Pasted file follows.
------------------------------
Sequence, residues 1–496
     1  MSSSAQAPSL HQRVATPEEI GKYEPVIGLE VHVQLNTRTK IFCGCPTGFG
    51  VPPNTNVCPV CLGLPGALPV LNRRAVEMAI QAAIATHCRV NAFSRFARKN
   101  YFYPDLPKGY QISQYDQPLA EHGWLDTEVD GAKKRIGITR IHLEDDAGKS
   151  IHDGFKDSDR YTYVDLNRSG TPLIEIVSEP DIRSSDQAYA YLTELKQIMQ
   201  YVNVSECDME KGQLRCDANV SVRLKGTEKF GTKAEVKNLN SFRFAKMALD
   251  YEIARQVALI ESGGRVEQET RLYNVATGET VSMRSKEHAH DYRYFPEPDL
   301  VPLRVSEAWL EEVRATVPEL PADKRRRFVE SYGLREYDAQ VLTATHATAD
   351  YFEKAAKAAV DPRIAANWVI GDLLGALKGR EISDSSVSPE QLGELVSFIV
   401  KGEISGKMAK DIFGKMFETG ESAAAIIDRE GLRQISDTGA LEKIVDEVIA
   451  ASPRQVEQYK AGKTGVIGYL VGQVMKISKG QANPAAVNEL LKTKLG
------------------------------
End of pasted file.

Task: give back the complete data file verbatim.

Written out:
Sequence, residues 1–496
     1  MSSSAQAPSL HQRVATPEEI GKYEPVIGLE VHVQLNTRTK IFCGCPTGFG
    51  VPPNTNVCPV CLGLPGALPV LNRRAVEMAI QAAIATHCRV NAFSRFARKN
   101  YFYPDLPKGY QISQYDQPLA EHGWLDTEVD GAKKRIGITR IHLEDDAGKS
   151  IHDGFKDSDR YTYVDLNRSG TPLIEIVSEP DIRSSDQAYA YLTELKQIMQ
   201  YVNVSECDME KGQLRCDANV SVRLKGTEKF GTKAEVKNLN SFRFAKMALD
   251  YEIARQVALI ESGGRVEQET RLYNVATGET VSMRSKEHAH DYRYFPEPDL
   301  VPLRVSEAWL EEVRATVPEL PADKRRRFVE SYGLREYDAQ VLTATHATAD
   351  YFEKAAKAAV DPRIAANWVI GDLLGALKGR EISDSSVSPE QLGELVSFIV
   401  KGEISGKMAK DIFGKMFETG ESAAAIIDRE GLRQISDTGA LEKIVDEVIA
   451  ASPRQVEQYK AGKTGVIGYL VGQVMKISKG QANPAAVNEL LKTKLG